I've been in Reykjavík for a few weeks now and have been taking my walks and visiting my favorite places. I'm always thrilled with the chance to see something again, something that I love. I guess there is a part of me that knows I may not see certain things again, so an opportunity to return always feels special. Many of the places I've been revisiting I revel in because of their inherent silence and accompanying ambient sound: the old cemetery, Hólavallagarður, the outdoor sculpture, "Þúfa," by Ólöf Nordal, the coastline along the western part of the city, Grótta lighthouse. I have made pilgrimage-like walks to these places, taking in what I see and what I hear, and don't hear. All of these places have a silence to them that I crave and also include sounds like snow falling, wind in the trees, seabirds, and rippling water that add subtle textures to the experience.
Since I'm far away from the U.S. this winter, I have just a few books on my side table and at my desk. If there was no weight limit on the plane I would have brought a suitcase just for books! Regardless, I still have a stack, and my winter reading list...
It's a little late, but here is my annual favorites post... You may notice this time many of my favorites are about home, which stems from the body of work I created for my solo show, "I Live Here Now" last year. These are the things I was reading, listening to, and studying while I made that work, along with a few other things that just fascinated me.
"The artist’s memory is a dangerous, necessary thing. Never disavow what you see and remember—it’s your brilliant stock-in-trade: remembering, and making something out of it. Artists remember the world as it is, first, because you have to know what it is you’re reinventing; that’s a rule, perhaps the only one: being cognizant of your source material." - Hilton Als
Along with the incredible landscape here in Iceland, I am also influenced by many Icelandic artists. This trip I've been looking closely at Jóhannes Sveinsson Kjarval, who is considered to be the most important Icelandic painter. I think my acute interest in observation and documenting what I see in photographs lead me to Kjarval's work which is, at its heart, observational and very personal. When I look at his paintings I understand what he saw and why he portrayed the environment as he did. Each painting feels like an intimate moment captured in color, points of light, and texture. One of the first places I visited when I returned to Reykjavík was Kjarvalsstaðir, a museum devoted to his work. It was both thrilling and calming to see his work in person after only viewing it online. The works tend to be fairly large and the details of texture and brushstrokes are not visible on the computer screen. I was also taken with the locations depicted in several pieces because they are places I have witnessed first-hand. For this post I have paired Kjarval's paintings from the museum with my own photographs taken of the same places.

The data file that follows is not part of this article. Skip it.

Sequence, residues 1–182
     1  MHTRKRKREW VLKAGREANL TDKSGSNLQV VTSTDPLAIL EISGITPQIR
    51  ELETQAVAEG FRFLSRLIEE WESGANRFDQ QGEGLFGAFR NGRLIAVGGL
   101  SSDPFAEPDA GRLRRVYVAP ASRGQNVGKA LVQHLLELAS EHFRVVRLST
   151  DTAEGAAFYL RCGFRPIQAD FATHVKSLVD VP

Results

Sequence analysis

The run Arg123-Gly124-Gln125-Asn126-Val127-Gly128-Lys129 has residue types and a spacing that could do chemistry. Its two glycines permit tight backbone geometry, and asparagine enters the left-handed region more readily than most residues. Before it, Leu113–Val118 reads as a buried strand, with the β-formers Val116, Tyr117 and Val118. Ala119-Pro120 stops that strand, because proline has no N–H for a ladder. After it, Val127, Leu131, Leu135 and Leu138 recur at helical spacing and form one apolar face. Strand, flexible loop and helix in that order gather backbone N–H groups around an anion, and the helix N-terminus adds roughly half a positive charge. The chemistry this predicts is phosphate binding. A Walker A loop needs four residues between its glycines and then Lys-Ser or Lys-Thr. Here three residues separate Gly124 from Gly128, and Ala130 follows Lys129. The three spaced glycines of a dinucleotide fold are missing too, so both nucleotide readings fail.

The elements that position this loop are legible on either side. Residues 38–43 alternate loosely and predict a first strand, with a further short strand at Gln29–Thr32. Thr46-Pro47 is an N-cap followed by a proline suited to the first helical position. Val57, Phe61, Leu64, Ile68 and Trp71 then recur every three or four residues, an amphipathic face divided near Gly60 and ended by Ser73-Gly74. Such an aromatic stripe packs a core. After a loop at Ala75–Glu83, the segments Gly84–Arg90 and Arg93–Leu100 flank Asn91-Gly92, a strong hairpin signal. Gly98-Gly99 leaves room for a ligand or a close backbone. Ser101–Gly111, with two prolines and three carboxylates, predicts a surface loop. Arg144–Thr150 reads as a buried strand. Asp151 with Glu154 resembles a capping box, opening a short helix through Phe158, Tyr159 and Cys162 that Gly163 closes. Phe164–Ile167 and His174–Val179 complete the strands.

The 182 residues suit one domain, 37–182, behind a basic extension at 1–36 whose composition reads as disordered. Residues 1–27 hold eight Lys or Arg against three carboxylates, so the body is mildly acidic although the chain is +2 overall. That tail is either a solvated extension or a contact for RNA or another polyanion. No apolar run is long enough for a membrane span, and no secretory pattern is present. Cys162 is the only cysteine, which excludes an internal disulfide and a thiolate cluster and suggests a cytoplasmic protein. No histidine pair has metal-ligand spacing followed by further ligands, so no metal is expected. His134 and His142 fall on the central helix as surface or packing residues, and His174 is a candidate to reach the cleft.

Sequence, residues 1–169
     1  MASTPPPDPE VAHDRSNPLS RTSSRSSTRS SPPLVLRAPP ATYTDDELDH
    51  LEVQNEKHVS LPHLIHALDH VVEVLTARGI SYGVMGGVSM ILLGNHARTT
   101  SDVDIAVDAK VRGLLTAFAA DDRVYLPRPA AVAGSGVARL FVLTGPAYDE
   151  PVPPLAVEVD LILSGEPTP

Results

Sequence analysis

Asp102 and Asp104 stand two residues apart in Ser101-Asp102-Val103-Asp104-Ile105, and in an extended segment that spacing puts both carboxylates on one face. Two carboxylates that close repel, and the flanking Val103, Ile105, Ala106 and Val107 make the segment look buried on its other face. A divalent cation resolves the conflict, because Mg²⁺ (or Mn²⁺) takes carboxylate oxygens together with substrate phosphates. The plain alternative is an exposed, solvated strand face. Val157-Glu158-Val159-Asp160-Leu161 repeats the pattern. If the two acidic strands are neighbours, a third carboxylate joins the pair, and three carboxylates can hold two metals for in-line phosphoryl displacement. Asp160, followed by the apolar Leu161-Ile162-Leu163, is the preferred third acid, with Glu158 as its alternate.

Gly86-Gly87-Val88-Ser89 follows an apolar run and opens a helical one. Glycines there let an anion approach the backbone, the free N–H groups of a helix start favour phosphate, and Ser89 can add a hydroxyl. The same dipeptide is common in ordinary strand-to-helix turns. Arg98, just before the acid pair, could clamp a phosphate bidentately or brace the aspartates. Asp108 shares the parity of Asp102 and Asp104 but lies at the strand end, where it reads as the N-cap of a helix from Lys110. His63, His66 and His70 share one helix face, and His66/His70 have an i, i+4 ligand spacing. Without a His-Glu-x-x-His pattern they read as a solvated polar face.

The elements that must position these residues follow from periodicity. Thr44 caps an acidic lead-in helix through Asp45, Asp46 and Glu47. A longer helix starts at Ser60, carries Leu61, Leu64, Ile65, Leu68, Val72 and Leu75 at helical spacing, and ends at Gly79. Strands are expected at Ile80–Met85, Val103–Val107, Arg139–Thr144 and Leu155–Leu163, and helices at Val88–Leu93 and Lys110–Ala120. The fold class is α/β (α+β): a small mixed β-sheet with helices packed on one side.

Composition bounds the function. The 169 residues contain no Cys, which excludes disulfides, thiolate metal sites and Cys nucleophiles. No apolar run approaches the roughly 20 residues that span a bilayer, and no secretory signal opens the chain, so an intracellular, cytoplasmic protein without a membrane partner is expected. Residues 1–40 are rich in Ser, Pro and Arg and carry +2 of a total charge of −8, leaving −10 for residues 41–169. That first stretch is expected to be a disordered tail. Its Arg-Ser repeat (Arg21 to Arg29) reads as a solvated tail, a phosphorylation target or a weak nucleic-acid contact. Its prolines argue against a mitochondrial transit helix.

Finally, when I visited the museum I discovered the top painting was signed on February 10, 1959 and realized February 10 was coming up. So, on February 10, 2015 I returned to the museum just to look at that painting on its birthday. It felt very special to do this.
Glacier Vision, undated
my image of a glacier
From Þingvellir, 1939-40
my image of Þingvellir
Lómagnúpur Mountain, 1944
my image of Lómagnúpur Mountain, from the other side
As I mentioned on Tuesday, I'm developing work for my Sienna solo show here in Iceland. One of the pieces I'm working on will be made with pearls, which I am completely taken with right now. I love their luminous quality and the many shapes they come in, but I also love them for the way they are formed. A pearl begins with some kind of irritant and, over time, layer upon layer of iridescent calcium carbonate builds up around this irritant as a defense mechanism. I see pearls as glorified callouses or scars, forms of protection. They also represent years of hard work and tenacity, and when complete, they are a rare, beautiful thing. I see pearls as a symbol of the experience of life.
My pearl piece will be made using a variety of white and off-white pearls, both real and fake, round and natural, that I've been collecting for years. And this brings me to the most exciting part: I would also like to collect pearls from you.
packages of dirt from 23 of my closest friends
We Walk on the Same Ground
Last year I made the piece "We Walk on the Same Ground" for my exhibition "I Live Here Now" in which I asked my closest friends to send me dirt from where they live. I love the participatory aspect of this piece and I believe it makes it more compelling and personal. It's a combination of the experiences of dear friends and me. I would like to try this concept once again now by combining my own pearls with pearls from friends, family, colleagues, strangers, and people who like my work. I like the idea of the materials coming from a myriad of sources from places far and wide. They will bring beautiful, complex layers to the work, and mimic the process of how a pearl itself forms.